- 17 August 2016
- Transport / Logistics Services
Canada Post has reached agreement with one of its unions but not the other. The CUPW is the biggest employees’ union representing 50,000 workers, and refused to accept a defined contribution pension plan for new staff. The union also made it plain that it was disappointed with the arbitrator’s decision to put the proposals to them.
“The retirement security of thousands of workers and their families should not rest upon the winner-take-all decision of an arbitrator,” said the CUPW yesterday. “We uphold free collective bargaining and believe that only a negotiated settlement will result in a deal that everybody can live with.”
The CUPW’s strike mandate ends on Thursday, 25th August.
However, Canada Post’s proposal has been accepted by arbitrator Michel G Picher in the final offer selection process to reach a new collective agreement with the Canadian Postmasters and Assistants Association.
“Canada Post is appreciative that the arbitration process efficiently expedited the resolution of difficult bargaining issues between us and the CPAA,” said Canada Post President and CEO Deepak Chopra.
In a statement Canada Post said: “Key changes under the new collective agreement include a defined contribution pension plan for new employees represented by the CPAA.
“Except for employees represented by the Canadian Union of Postal Workers (CUPW-Urban and CUPW-RSMC), every employee group at Canada Post has a defined contribution pension plan for newer employees. It exists for management and exempt employees hired after January 2010. It was negotiated with the Public Service Alliance of Canada/Union of Postal Communications Employees (PSAC/UPCE) for administrative and technical employees hired after May 2014. A defined contribution plan was also negotiated with the Association of Postal Officials of Canada (APOC) for supervisors and employees in supervisory support groups hired after February 2015.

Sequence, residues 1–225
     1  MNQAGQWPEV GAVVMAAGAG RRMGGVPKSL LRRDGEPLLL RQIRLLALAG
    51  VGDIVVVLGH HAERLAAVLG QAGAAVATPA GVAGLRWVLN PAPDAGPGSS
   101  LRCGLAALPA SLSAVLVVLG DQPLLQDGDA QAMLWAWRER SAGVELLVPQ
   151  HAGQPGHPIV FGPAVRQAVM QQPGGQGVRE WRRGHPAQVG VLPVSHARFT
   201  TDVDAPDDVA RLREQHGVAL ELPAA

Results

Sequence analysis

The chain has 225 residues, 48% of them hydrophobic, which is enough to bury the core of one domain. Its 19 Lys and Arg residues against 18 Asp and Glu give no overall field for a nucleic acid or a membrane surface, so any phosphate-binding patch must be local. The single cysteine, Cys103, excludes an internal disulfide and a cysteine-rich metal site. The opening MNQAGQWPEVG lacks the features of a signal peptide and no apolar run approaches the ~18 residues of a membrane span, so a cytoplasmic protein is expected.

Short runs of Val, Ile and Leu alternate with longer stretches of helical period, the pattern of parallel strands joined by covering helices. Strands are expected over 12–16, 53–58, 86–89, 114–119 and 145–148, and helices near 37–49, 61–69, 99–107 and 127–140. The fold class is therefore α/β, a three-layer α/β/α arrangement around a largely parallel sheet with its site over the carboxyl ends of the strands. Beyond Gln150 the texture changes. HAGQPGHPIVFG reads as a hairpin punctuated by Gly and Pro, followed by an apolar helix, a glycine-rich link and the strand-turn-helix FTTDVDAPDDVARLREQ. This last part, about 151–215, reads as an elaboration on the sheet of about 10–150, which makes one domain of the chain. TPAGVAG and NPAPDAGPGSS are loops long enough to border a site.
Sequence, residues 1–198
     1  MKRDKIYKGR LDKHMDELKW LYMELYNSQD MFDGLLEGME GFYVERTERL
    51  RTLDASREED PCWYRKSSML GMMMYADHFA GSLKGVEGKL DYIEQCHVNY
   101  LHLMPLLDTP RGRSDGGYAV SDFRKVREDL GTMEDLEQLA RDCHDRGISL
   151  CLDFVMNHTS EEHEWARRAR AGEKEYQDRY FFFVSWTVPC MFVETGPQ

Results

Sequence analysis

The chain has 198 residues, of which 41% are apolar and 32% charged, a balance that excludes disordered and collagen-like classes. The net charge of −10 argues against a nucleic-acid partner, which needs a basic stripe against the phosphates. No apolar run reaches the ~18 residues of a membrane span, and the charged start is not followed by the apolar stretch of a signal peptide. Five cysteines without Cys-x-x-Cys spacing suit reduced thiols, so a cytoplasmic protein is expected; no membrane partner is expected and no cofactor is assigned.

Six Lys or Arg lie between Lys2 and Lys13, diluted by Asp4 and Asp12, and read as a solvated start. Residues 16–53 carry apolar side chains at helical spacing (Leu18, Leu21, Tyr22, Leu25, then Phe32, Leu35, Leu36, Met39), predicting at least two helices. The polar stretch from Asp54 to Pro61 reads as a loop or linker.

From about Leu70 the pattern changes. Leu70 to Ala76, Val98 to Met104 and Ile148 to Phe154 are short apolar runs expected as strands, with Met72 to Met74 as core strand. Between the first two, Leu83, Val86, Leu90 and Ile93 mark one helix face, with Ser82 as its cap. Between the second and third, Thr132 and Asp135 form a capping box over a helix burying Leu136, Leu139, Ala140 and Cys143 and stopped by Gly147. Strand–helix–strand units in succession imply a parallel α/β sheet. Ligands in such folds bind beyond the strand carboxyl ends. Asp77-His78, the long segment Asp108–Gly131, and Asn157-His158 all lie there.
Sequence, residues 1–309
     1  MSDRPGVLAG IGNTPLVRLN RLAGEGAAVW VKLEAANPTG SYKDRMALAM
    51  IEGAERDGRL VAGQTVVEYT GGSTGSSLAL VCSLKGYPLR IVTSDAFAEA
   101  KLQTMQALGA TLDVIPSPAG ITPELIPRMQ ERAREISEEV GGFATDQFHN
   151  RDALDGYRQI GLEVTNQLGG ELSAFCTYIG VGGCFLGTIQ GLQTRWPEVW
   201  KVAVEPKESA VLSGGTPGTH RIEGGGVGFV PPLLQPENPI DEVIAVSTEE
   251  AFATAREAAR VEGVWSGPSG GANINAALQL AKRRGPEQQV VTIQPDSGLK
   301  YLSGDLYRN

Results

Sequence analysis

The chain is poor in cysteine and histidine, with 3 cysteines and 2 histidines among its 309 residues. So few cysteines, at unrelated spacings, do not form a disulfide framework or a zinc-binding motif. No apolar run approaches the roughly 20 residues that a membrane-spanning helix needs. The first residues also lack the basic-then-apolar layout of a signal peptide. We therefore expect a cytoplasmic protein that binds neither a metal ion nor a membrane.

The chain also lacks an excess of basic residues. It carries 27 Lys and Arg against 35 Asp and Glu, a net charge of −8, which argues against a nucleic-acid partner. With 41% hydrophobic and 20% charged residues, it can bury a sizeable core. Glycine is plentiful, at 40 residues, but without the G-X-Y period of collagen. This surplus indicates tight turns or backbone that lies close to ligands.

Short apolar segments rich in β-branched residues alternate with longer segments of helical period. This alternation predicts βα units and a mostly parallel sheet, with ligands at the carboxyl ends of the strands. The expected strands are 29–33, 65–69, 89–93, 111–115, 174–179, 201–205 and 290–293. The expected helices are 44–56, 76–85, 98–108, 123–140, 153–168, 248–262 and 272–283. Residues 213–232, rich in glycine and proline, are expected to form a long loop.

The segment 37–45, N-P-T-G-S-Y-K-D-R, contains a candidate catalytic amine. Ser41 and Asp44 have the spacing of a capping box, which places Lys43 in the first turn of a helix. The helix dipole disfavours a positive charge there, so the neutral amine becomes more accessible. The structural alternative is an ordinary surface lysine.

“The new collective agreement with the CPAA also includes changes to entry-level wages which are in line with changes previously negotiated with other bargaining units. There is also an increase in employee contributions for post-retirement benefits, from 25 per cent to 50/50 cost-sharing with the employer.
“The wages and benefits package includes modest wage increases and remains competitive while reducing future costs through changes for new employees. Reducing future costs is necessary to respond to the changing needs of Canadians for postal service while respecting Canada Post’s mandate to be financially self-sustainable.
“Achieving certainty for customers and employees was Canada Post’s goal on July 8, 2016, when it proposed binding arbitration if the intensive negotiations left the Corporation and the Canadian Union of Postal Workers (CUPW) at an impasse. The CUPW rejected the idea the same day.”
The CPAA represents more than 5,000 postmasters and assistants in rural post offices across Canada.
Canada Post added: “Under final offer selection, either party may refer outstanding matters to an arbitrator if negotiations reach an impasse. The Association and the Corporation each submitted final proposals and the relevant supporting evidence. The arbitrator then had to choose one proposal in its entirety and did not have the latitude to blend elements from both.”